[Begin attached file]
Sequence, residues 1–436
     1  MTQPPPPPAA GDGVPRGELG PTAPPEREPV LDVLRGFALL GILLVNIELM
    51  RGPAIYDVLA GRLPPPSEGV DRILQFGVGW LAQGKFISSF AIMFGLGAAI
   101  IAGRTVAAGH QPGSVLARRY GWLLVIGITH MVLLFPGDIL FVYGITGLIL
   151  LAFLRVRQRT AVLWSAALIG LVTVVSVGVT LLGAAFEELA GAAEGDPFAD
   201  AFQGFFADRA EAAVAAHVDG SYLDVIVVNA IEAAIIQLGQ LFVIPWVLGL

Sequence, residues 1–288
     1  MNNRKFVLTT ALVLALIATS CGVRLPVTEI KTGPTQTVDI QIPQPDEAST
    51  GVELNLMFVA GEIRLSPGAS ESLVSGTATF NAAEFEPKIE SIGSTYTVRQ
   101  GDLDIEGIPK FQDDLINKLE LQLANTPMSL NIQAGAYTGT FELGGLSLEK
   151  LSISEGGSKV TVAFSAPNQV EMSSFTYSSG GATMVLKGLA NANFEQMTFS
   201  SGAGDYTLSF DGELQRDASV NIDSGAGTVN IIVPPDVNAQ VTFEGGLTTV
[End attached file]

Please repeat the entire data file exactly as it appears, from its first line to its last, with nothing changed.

Sequence, residues 1–436
     1  MTQPPPPPAA GDGVPRGELG PTAPPEREPV LDVLRGFALL GILLVNIELM
    51  RGPAIYDVLA GRLPPPSEGV DRILQFGVGW LAQGKFISSF AIMFGLGAAI
   101  IAGRTVAAGH QPGSVLARRY GWLLVIGITH MVLLFPGDIL FVYGITGLIL
   151  LAFLRVRQRT AVLWSAALIG LVTVVSVGVT LLGAAFEELA GAAEGDPFAD
   201  AFQGFFADRA EAAVAAHVDG SYLDVIVVNA IEAAIIQLGQ LFVIPWVLGL

Sequence, residues 1–288
     1  MNNRKFVLTT ALVLALIATS CGVRLPVTEI KTGPTQTVDI QIPQPDEAST
    51  GVELNLMFVA GEIRLSPGAS ESLVSGTATF NAAEFEPKIE SIGSTYTVRQ
   101  GDLDIEGIPK FQDDLINKLE LQLANTPMSL NIQAGAYTGT FELGGLSLEK
   151  LSISEGGSKV TVAFSAPNQV EMSSFTYSSG GATMVLKGLA NANFEQMTFS
   201  SGAGDYTLSF DGELQRDASV NIDSGAGTVN IIVPPDVNAQ VTFEGGLTTV